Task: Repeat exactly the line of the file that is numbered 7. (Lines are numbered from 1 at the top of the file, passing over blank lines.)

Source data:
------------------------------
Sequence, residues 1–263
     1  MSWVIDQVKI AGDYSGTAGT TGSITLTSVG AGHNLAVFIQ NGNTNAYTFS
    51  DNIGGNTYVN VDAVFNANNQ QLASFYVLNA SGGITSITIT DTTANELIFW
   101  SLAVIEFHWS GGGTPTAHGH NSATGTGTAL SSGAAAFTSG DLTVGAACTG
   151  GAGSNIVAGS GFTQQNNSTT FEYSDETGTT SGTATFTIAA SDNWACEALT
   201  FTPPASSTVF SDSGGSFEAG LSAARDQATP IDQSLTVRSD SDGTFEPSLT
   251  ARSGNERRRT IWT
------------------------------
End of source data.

   251  ARSGNERRRT IWT